MULTIJURISDICTIONAL TRANSACTIONS

Crowell & Moring has significant experience in assessing international merger control and competition filing requirements. We work closely with a strong network of local counsel to coordinate and manage competition filings and clear transactions around the world. In the past two years, we have successfully handled transactions that required filings in Brazil, Canada, China, Germany, Italy, Korea, Russia, South Africa, Turkey, Taiwan and several other jurisdictions.

For more information visit our European Competition Law practice.

JOINT VENTURES AND TEAMING AGREEMENTS

We also have extensive experience handling the antitrust issues related to the formation of joint ventures, teaming arrangements, and other competitor collaborations. Unlike mergers and acquisitions, these transactions raise additional issues of ongoing relationships between existing competitors. Our lawyers analyze potential joint ventures and work with clients to accomplish their business goals while managing the antitrust risk.

REPRESENTATIVE ENGAGEMENTS

  • Alcoa in the formation of its purchasing joint venture, Evermore Recycling
  • Pratt & Whitney in the formation of aeroengine joint ventures with General Electric and Rolls Royce
  • E.I. DuPont de Nemours in the formation of its biotech trait and genetics licensing joint venture, Greenleaf Genetics, with Syngenta
  • Bank of America, Citigroup, Credit Suisse, Deutsche Bank, Goldman Sachs, JPMorgan Chase, Merrill Lynch, and UBS in the formation of trading platform ICE US Trust
  • Sikorsky in its teaming arrangement with Lockheed Martin to support helicopters for the U.S. Navy
  • DuPont in the formation of its soy nutrition ingredients joint venture, Solae

THIRD-PARTY INVOLVEMENT IN MERGER INVESTIGATIONS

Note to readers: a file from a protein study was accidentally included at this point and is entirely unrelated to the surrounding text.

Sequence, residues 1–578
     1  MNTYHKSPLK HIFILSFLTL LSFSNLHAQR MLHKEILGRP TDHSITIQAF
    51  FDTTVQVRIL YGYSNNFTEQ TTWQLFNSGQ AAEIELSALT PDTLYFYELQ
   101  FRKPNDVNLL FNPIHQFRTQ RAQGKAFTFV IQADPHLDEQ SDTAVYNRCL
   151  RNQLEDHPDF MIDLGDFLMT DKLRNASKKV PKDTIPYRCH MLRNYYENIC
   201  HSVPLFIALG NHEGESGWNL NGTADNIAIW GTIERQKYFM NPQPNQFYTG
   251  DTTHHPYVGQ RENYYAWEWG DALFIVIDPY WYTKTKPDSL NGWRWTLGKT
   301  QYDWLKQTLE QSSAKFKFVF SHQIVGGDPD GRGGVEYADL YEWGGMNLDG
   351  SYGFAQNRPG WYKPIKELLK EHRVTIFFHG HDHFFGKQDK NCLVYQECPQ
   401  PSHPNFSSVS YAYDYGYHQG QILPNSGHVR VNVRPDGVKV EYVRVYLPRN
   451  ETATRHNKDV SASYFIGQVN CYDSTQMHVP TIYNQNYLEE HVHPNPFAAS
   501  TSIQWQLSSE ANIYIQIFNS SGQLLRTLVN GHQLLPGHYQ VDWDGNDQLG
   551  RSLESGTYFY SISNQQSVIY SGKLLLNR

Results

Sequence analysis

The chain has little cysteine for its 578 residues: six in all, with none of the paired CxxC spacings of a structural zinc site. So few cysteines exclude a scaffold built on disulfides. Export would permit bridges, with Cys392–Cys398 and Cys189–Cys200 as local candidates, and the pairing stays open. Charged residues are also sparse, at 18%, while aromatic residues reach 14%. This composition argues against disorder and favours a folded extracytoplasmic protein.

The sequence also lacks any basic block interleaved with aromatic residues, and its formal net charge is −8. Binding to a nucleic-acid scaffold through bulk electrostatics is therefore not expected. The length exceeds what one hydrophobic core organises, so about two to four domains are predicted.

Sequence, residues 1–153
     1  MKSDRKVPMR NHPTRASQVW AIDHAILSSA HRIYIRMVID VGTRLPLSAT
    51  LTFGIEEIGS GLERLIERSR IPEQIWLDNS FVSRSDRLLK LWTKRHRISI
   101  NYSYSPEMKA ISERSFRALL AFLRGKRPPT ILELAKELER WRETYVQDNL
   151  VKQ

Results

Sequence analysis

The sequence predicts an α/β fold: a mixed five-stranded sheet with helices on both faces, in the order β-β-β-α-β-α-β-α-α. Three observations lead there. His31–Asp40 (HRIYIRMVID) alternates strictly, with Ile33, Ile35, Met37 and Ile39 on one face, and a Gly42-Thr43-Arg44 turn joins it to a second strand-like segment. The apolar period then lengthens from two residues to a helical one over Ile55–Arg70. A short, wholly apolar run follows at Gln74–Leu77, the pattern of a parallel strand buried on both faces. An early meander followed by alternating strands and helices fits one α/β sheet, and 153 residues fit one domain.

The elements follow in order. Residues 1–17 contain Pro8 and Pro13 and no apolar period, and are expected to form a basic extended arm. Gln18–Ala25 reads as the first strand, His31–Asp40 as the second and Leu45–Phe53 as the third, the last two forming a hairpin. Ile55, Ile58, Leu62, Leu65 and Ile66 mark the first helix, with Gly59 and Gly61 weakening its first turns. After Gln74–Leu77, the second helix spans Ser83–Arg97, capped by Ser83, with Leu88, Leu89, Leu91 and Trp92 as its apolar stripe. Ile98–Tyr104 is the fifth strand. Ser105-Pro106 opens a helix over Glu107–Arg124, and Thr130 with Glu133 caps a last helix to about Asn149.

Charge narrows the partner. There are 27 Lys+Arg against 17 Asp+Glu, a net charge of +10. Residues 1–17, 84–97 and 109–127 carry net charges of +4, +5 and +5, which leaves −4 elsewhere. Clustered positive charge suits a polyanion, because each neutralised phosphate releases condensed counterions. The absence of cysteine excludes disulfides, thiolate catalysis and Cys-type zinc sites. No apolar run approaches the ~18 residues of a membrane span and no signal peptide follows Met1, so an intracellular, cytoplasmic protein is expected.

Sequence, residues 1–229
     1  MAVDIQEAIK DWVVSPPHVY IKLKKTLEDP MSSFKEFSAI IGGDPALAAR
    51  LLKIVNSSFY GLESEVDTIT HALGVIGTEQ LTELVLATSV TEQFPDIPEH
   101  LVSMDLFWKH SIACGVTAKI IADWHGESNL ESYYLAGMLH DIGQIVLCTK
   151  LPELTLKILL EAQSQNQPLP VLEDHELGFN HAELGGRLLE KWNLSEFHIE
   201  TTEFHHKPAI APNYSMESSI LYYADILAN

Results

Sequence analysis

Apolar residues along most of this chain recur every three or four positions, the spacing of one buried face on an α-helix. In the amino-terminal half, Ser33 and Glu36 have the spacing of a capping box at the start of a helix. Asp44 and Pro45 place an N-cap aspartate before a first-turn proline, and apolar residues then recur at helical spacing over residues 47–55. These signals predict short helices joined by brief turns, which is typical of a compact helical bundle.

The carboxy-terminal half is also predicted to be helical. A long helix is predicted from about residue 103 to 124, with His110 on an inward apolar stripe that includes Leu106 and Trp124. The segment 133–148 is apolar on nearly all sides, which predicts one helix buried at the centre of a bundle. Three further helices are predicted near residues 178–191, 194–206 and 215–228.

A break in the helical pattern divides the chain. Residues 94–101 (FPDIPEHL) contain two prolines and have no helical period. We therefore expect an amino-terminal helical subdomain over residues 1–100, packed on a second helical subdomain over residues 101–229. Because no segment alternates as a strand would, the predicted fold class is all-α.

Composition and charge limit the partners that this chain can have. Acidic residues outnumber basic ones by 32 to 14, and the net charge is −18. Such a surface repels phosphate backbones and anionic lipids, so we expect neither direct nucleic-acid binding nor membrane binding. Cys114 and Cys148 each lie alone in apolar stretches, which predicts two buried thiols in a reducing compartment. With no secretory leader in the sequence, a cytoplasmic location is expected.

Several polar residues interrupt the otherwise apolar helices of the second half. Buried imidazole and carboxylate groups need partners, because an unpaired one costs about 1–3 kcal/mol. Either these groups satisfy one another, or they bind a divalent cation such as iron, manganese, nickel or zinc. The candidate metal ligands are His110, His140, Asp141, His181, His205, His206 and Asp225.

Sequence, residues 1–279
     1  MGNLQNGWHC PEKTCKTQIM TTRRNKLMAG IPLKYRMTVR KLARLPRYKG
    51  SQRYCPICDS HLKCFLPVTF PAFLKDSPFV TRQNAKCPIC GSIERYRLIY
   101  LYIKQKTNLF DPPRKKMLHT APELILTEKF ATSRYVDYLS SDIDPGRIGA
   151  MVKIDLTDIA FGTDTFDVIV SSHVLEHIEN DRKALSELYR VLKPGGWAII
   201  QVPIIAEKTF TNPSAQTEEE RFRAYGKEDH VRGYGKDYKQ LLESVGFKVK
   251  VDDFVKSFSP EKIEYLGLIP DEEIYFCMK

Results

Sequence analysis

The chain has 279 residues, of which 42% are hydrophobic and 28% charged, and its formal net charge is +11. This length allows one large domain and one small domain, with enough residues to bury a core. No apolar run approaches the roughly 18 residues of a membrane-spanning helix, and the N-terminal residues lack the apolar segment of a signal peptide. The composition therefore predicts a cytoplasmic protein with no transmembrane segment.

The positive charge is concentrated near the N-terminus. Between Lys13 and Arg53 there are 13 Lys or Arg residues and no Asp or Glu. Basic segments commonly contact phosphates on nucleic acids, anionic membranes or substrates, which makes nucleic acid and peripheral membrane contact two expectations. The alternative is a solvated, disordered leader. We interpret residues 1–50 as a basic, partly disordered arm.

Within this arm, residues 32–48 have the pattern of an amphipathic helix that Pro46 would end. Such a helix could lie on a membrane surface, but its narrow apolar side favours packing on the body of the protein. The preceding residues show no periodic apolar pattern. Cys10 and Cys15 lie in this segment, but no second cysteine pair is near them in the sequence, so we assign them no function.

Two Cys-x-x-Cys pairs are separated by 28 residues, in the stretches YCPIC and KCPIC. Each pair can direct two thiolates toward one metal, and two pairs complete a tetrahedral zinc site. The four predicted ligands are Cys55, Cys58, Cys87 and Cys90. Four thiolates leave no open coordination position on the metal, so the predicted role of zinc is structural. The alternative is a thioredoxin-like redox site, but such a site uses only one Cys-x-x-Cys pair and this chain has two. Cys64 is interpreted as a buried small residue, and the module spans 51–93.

Antitrust authorities throughout the world increasingly rely on third parties (including customers, suppliers, and competitors) to inform their merger review and analysis. This process provides industry participants with an opportunity to advocate competitive concerns and seek appropriate conditions. It also can expose them to burdensome document and information requests.

Crowell & Moring has represented numerous third parties in this context. We work with our clients to assess the potential impact of a transaction on their business, develop strategies for whether and when to reach out to the reviewing agency, and evaluate how to respond to agency inquiries. This is done while effectively presenting the client's views consistent with its overarching business objectives.

We also develop strategies for protecting the confidentiality of those views and narrow the scope of agency requests to limit the burden and expense of compliance. Depending on the client's interests, participation may range from simply providing facts to more aggressively expressing substantive concerns with the competitive impact of the proposed transaction.

Within the past few years, we have represented third parties in over a dozen major transactions where we developed and implemented affirmative strategies to express concerns, including providing significant factual presentations, utilizing economic experts, drafting declarations, and submitting white papers.